Now & Next: The Best Place To Be A Woman?

Posted on 01 March 2019

In the battle for gender equality Iceland is leading the world. The tiny island is pioneering news ways to close the gender pay gap, root out stereotypes and get more mothers back to work.

The Best Place To Be A Woman?

Today, women around the globe have less access to power, wealth and education than men. But one tiny island is leading the world in bridging these gaps.  Iceland is pioneering ways to get more mothers back to work, to root out gender stereotypes and to close the pay gap.

Ásdís Eir Símonardóttir
HR Consultant, Reykjavik Energy
 
It’s a human rights issue isn’t it?  Paying the same wage for equally valuable jobs.

Could Iceland inspire the world to solve one of its greatest problems?

Margrét Pála Ólafsdóttir
Founder, Hjalli School ​

Equality is absolutely the key to everything.

NOW & NEXT
ICELAND: BEST PLACE TO BE A WOMAN?

Iceland has topped gender equality rankings for nearly a decade.  One of the secrets to their success: start early.  This kindergarten in the capital of Reykjavik focuses on challenging extreme gender stereotypes before they take root in boys and girls.

Margrét Pála Ólafsdóttir
Founder, Hjalli School

For boys for example, always being strong, always decisive, always taking charge, they will end up bullying, fighting, breaking rules. We do it with the girls as well.  If you are always helpful, caring, thinking about others, always looking at a friend for acceptance, you will have forgotten about yourself. We need to get away from the extreme qualities. We need to get more in the middle, all of us.

It’s a mission that has led to the creation of 17 schools across this tiny country.  All focused on developing a healthy balance of characteristics in both sexes. Girls and boys are separated to allow girls to nurture traits traditionally view as masculine, like being bold, independent.

Teacher
Do you want help, or by yourself?

Child
By myself.

And taking risks. And boys are given time to learn traits traditionally viewed as feminine.  Like being more group orientated, empathetic and caring. And the signs are that this is working. Research suggests that in later years, children from this school have a greater understanding of gender equality when compared to children from other schools.

Margrét Pála Ólafsdóttir
Founder, Hjalli School

There is nothing like a quick fix to this huge inequality in the world.  But if we all do a little bit here and there and there…  yes, then at last we will get some results.

Iceland is also promoting gender equality by encouraging fathers to share the childcare burden with mothers.  In 2000, it introduced what is known as a Daddy Quota. Three months statutory paternity leave. It is an allowance that goes much further than most other countries in the world.  Here, over 70% of fathers take up the full three months leave.  Why? Because the State covers 80% of his salary during this period, up to a cap of $4,600 a month. One beneficiary of this generous system is Igor Bianason, who is looking after his son, Vala.  Igor believes the high cost of the Daddy Quota to tax payers is justified because it helps get more women in to work.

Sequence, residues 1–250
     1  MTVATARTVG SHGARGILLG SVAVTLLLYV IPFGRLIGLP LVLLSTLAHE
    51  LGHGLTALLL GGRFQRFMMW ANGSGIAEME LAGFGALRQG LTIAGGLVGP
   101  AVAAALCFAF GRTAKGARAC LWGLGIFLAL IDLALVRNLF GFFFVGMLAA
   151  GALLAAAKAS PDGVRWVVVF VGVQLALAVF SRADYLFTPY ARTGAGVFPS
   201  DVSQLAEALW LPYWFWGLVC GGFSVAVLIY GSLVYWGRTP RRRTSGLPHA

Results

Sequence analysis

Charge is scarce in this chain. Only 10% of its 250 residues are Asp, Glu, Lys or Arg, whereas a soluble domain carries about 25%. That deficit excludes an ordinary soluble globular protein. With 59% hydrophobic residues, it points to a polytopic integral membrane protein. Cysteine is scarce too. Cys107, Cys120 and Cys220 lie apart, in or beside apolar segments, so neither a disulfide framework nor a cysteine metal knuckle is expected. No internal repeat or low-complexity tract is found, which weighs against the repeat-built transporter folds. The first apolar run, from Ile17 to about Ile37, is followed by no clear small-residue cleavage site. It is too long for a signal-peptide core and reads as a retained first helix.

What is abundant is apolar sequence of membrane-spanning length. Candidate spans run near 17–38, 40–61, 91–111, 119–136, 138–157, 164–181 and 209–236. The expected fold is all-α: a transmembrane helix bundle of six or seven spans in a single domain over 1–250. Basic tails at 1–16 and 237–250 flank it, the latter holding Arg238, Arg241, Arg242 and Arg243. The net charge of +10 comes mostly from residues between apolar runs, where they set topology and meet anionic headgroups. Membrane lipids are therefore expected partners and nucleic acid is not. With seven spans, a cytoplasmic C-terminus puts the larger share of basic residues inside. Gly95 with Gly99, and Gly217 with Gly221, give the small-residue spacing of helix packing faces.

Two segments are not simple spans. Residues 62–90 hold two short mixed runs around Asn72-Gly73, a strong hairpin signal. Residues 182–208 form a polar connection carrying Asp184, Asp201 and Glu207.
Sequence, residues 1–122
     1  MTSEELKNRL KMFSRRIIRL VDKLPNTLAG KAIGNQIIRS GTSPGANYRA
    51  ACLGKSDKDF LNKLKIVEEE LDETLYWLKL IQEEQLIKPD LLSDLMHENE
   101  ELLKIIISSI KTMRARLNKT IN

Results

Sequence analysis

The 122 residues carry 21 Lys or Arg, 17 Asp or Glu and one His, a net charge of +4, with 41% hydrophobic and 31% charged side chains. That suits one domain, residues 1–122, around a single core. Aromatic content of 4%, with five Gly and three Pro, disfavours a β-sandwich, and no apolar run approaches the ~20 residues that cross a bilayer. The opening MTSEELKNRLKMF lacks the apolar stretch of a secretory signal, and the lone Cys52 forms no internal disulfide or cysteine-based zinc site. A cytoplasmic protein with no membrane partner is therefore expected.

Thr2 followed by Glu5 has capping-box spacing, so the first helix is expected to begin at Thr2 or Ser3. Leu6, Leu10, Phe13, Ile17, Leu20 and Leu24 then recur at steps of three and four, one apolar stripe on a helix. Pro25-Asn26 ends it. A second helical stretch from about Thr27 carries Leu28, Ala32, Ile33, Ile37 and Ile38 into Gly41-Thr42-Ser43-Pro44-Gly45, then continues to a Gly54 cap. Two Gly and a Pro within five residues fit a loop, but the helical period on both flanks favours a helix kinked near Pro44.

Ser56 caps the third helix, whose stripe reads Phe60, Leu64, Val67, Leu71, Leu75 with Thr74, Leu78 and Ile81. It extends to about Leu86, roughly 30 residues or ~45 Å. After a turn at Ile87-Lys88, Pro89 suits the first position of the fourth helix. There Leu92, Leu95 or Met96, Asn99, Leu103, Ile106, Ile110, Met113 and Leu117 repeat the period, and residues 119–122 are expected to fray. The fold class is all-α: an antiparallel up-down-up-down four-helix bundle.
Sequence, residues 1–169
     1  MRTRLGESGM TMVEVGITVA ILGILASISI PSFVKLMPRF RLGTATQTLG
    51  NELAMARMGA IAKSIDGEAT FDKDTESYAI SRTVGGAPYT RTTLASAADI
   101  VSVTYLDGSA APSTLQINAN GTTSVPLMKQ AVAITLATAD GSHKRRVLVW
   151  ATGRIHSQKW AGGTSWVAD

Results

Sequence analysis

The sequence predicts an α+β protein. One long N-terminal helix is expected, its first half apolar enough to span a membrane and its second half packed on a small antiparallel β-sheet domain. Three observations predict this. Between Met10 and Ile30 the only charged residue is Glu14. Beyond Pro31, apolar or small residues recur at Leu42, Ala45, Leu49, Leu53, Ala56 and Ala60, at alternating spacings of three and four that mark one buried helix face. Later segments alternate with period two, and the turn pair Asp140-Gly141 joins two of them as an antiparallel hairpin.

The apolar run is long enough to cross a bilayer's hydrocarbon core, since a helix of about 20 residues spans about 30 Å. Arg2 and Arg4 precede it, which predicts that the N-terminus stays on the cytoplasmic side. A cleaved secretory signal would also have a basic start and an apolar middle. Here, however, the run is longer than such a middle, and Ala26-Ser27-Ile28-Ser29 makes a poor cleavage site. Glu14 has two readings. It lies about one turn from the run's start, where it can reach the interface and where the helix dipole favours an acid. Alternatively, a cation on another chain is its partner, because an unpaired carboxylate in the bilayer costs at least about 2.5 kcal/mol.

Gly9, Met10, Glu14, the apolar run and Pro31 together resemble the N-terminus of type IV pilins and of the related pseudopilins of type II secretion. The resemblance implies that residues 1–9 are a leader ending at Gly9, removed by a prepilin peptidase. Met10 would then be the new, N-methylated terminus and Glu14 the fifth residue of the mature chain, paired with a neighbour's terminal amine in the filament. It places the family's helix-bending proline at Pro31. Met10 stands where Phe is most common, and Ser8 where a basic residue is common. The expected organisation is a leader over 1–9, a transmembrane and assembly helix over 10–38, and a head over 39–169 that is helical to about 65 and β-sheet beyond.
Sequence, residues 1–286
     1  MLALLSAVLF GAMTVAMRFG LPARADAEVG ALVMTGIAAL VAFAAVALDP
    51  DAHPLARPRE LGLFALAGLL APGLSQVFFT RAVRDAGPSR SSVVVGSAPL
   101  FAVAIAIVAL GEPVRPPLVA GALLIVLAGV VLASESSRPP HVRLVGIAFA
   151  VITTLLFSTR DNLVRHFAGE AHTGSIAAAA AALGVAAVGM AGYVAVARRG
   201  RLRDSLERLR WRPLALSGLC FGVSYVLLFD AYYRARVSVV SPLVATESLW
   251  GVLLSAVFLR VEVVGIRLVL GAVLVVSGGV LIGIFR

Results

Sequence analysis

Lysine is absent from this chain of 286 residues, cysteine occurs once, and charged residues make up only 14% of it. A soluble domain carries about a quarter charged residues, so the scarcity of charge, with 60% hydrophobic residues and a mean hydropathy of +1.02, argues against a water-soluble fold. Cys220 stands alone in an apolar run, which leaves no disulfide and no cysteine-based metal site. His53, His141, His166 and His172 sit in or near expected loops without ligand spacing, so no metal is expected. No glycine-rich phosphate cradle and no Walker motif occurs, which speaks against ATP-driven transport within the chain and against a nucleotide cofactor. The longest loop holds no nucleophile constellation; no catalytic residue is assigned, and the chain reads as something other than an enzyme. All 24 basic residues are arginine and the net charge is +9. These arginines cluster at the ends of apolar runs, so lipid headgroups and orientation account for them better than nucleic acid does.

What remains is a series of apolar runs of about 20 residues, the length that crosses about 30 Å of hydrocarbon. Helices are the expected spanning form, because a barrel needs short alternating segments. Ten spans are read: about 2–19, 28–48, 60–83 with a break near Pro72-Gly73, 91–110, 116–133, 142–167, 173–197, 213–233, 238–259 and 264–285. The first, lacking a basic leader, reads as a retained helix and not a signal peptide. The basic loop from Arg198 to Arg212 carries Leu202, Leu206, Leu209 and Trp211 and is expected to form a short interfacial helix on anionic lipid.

Igor Bianason
Father

Imagine you were hiring someone for a new position, you had applications from a man and a woman.  You would be much less likely to take into the equation that the woman could have a child in the future and go on leave because the man is also going to do that.  So it does create a more equal field out there.

But even in Iceland, men are still paid nearly 6% more than women for similar work.  This year, Iceland became the first country in the world to pass legislation, not just to expose but to tackle the gender pay gap.  Companies with over 25 employees, like Reykjavik Energy, now have to prove they are paying men and women equally for similar jobs. Every job at the company must be measured against a set of criteria. This produces a score. For jobs with the same score, workers must be paid the same. When Reykjavik Energy used the pay calculator, the inequalities came into sharp and immediate focus.

Ásdís Eir Símonardóttir
HR Consultant, Reykjavik Energy

We noticed that there was a pay gap there between the unskilled workers that were outside and the unskilled workers inside. The outside unskilled workers are mainly men and the unskilled workers inside, that’s the cleaning staff, the staff in the kitchen, that’s mostly women.  What’s important to keep in mind is the gender pay gap it’s not there because there’s a couple of evil men making decisions to pay women less.  It’s this unconscious bias that we all have. We place more value on traditionally male dominated jobs.

The company rectified this by raising the wages of its female employees.  Critics of the law point out there will be significant financial consequences for companies as they rectify their pay inequalities.  But many argue this is a necessary price to pay.

Ásdís Eir Símonardóttir
HR Consultant, Reykjavik Energy
 
It’s a human rights issue, isn’t it?  Paying the same wage for equally valuable jobs. Having a law that requires companies to have this, it makes everyone accountable.

Gender equality will be an ever more pressing challenge for wealthy countries across the world.  Could the ambitious measures being tested in Iceland provide practical solutions?

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